Yes. Thanks good morning everybody. Thanks for taking my question. David, I want to start talking about quickly and actually, I think in the slide, you said 95% of deliveries are within 20 miles, do we have enough data yet to track the service attachment on those sales and how sticky they are? Is it the same as the physical sale? Just thinking about the lifetime value of using Clicklane more in-market versus new markets and what you're seeing on the data side there?
It's a great question, Daniel. It varies by market and depending upon whether it's a metro or a single point market, but it generally lines up with what we're selling out of our conventional stores. The benefit and the focus to stay within a 25 miles to 50 mile radius is really to ensure we capture our parts and service business. Our intent is to govern sales beyond 50 miles, when possible because, again, the revenue from parts and service is just too important to us.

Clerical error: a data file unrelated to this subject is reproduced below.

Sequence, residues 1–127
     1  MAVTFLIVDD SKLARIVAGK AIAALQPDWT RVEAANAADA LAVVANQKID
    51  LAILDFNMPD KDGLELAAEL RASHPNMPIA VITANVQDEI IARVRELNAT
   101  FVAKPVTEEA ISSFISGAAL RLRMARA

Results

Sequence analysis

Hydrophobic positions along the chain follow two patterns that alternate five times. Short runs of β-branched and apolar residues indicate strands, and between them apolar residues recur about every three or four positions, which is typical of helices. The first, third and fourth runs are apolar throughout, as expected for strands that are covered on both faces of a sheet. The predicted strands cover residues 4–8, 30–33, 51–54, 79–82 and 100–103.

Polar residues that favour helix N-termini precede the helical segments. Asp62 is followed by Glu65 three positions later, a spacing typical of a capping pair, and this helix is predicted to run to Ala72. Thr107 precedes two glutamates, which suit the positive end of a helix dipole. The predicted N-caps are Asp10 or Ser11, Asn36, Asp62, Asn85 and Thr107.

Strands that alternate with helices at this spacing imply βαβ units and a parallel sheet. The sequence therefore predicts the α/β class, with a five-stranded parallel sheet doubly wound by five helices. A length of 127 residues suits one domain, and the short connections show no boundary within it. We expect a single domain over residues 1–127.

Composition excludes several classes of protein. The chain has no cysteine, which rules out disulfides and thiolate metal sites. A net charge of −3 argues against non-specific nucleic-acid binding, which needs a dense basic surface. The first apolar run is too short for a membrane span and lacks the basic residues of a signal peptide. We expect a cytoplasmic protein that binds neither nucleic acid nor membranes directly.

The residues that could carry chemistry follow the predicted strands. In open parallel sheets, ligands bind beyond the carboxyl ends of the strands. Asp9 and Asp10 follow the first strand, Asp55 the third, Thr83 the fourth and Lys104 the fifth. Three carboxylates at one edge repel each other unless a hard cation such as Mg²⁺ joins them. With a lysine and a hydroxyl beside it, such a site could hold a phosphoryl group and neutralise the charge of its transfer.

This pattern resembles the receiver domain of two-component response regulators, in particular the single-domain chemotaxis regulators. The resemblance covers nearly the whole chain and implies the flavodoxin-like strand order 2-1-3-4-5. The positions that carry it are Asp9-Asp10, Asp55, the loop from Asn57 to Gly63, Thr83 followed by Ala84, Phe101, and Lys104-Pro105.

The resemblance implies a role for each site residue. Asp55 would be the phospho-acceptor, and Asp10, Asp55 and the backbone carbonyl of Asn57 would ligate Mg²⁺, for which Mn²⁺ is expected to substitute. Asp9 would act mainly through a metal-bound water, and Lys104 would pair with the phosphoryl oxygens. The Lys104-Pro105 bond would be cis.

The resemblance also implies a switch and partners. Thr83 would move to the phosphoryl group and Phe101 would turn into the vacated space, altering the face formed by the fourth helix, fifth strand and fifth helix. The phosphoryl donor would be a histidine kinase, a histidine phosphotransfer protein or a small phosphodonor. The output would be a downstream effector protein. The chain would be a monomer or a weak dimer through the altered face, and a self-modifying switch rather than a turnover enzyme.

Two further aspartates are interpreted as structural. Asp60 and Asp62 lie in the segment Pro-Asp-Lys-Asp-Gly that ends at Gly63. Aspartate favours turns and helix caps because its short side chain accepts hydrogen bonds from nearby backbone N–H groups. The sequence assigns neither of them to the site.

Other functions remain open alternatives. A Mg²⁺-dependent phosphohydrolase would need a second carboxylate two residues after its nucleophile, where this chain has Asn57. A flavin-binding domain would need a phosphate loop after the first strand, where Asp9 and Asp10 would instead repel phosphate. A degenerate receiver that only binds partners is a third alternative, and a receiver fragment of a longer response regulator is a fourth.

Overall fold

Got it. But no data, I don't know whether that's, I guess, working or you're keeping those service sales?
Yes. It's early on, there are a lot of them are coming up on their first oil changes. And like I said far, we're seeing similar results as if we sold the car in the showroom, compared to Clicklane.
Got it. Got it. Got it. Second one I want to ask on was on the F&I redesign. You guys talked about last quarter. I think that included some bundling and new tools. How is that progressing [Technical Difficulty]? But then obviously, the FTC, I'll tie that in with that question. They've closed the comment period talking about potentially looking at and impacting the F&I department? So how does that impact your F&I business or some of the bundling and other tools you've introduced there?